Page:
Utica State Hospital

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Utica State Hospital
Utica State Hospital
Construction Began 1842
Opened 1843
Current Status Active and Preserved
Building Style Cottage Plan/Pre-1854 Plans
Architect(s) William Clarke
Location Utica, NY
Architecture Style Greek Revival
Alternate Names
  • New York State Lunatic Asylum at Utica
  • Utica Lunatic Asylum
  • Utica Psychiatric Center
  • Mohawk Valley Psychiatric Center


The Utica Psychiatric Center, also known as Utica State Hospital, which opened in Utica in 1843, was New York's first state-run facility designed to care for the mentally ill and was one of the first such institutions in the United States, predating and perhaps influencing the Kirkbride Plan which called for similar institutions nation-wide. It was originally called the New York State Lunatic Asylum at Utica. The Greek Revival structure was designed by Captain William Clarke and was funded through a combination of money provided by the state and contributions raised by Utica residents.

The asylum's first director was Dr. Amariah Brigham, who in 1844 became one of the original founders of American Psychiatric Association. An early proponent of treating mental illness rather than simply confining its sufferers, Dr. Brigham believed that his patients would benefit from the opportunity to work on the asylum's farm and grounds and on other useful occupational projects. Dr. Brigham established a print shop at the asylum, where he published the American Journal of Insanity (later known as the American Psychiatric Journal).

The asylum was also the site of the invention of "The Utica Crib". The Utica Crib was named after the New York State Lunatic Asylum at Utica where it was heavily used in the 19th century to confine patients. The crib was based on a French design, then modified to incorporated slats that gave it an appearance similar to a child's crib. While use of the Utica Crib was widely criticized and infamous among patients, some found it to have important therapeutic value. A patient who slept in the Utica crib for several days commented that he had rested better and found it useful for "all crazy fellows as I, whose spirit is willing, but whose flesh is weak." (Journal of Insanity, October 1864.) In an opposing view, Daniel Tuke, a noted British alienist (an early term for a psychology expert) writes that, "it inevitably suggests, when occupied, that you are looking at an animal in a cage. At the celebrated Utica Asylum... where a suicidal woman was preserved from harm by this wooden enclosure... Dr. Baker of the New York Retreat allowed himself to be shut up in one of these beds, but preferred not remaining there."[1]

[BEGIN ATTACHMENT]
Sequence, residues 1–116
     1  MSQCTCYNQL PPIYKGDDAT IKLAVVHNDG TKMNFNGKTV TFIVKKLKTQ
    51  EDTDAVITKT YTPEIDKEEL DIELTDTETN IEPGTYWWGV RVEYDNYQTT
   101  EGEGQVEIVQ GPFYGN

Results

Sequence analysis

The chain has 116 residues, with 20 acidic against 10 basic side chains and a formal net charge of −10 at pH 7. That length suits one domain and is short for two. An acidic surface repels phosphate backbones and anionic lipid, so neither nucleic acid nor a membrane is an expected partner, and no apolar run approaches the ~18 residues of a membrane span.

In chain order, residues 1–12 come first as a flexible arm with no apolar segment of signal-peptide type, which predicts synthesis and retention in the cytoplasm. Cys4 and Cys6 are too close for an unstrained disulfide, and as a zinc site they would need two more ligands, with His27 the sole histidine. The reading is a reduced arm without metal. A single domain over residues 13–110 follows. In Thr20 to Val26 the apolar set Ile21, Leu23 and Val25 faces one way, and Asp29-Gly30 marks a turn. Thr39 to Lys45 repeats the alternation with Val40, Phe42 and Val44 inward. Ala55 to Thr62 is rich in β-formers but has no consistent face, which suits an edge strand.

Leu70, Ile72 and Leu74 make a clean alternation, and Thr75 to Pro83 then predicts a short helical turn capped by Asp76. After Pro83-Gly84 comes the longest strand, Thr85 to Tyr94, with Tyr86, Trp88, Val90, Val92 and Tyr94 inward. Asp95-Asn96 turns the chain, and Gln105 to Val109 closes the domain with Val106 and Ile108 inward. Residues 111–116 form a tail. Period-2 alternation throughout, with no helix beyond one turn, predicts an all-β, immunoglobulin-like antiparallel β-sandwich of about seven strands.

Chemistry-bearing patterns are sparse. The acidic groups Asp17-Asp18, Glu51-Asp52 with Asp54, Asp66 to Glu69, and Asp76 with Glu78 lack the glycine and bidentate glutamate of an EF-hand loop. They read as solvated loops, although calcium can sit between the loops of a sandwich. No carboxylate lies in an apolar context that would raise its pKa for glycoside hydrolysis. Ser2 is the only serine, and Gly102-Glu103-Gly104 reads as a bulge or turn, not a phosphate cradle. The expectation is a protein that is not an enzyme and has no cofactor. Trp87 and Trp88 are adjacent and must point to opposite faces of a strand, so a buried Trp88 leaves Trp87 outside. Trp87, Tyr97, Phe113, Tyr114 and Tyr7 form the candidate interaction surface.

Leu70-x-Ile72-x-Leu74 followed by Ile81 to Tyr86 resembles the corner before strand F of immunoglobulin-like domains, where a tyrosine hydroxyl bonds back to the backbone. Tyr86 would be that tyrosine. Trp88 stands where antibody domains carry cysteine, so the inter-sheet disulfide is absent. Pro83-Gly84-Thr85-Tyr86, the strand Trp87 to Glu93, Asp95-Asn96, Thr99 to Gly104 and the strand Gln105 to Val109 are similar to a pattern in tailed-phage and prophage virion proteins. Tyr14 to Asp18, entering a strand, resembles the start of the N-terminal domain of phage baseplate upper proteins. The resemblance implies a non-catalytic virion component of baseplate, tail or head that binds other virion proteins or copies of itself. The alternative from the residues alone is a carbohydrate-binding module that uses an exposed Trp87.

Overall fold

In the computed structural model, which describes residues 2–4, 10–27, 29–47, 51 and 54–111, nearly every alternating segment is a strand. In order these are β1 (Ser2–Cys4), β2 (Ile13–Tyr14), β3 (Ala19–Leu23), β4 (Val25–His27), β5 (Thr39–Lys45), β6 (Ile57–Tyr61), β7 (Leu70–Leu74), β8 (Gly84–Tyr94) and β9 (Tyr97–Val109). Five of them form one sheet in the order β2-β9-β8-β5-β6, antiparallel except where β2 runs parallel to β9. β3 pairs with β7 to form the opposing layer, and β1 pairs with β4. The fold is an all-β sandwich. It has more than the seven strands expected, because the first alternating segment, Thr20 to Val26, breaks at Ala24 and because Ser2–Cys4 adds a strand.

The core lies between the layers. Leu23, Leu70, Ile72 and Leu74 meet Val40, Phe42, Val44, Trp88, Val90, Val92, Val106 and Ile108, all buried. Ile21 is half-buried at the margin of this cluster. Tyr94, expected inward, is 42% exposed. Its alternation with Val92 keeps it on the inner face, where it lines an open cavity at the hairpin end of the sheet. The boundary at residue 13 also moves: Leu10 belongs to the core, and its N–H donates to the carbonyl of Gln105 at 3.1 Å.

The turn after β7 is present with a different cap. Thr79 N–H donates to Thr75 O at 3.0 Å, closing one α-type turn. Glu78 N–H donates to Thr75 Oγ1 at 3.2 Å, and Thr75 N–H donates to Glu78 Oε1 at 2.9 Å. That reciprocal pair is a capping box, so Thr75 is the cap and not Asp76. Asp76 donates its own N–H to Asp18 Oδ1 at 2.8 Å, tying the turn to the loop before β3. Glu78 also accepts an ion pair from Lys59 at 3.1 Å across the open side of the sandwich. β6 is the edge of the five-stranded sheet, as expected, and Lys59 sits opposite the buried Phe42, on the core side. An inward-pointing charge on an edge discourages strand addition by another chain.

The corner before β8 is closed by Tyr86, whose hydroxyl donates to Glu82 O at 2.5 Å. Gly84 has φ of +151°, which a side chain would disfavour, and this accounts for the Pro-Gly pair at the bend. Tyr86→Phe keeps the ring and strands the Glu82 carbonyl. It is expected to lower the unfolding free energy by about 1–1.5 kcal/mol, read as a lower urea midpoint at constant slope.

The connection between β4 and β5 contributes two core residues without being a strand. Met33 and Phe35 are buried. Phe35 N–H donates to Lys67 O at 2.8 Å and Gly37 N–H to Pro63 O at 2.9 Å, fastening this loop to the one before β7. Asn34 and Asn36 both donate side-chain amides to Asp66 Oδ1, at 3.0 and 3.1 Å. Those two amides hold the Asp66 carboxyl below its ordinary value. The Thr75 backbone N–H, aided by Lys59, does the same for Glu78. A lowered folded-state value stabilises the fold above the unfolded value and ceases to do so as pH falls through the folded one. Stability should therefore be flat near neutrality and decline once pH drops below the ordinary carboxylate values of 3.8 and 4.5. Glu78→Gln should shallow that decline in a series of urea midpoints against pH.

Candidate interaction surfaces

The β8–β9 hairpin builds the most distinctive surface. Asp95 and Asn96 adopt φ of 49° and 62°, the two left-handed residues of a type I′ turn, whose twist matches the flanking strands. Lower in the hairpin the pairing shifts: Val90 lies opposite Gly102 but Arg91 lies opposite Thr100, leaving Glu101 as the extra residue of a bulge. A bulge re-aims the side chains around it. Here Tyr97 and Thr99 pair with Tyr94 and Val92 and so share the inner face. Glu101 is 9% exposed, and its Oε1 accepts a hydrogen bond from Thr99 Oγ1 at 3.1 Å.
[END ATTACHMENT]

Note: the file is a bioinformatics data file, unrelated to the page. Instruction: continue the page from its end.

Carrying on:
The building has been a National Historic Landmark since 1989.

Images of Utica State Hospital[edit]

Main Image Gallery: Utica State Hospital


Carla Yanni, The Architecture of Madness, University of Minnesota Press, page 42-45. Yanni argues that the Utica plan is not relevant to later Kirkbride plans.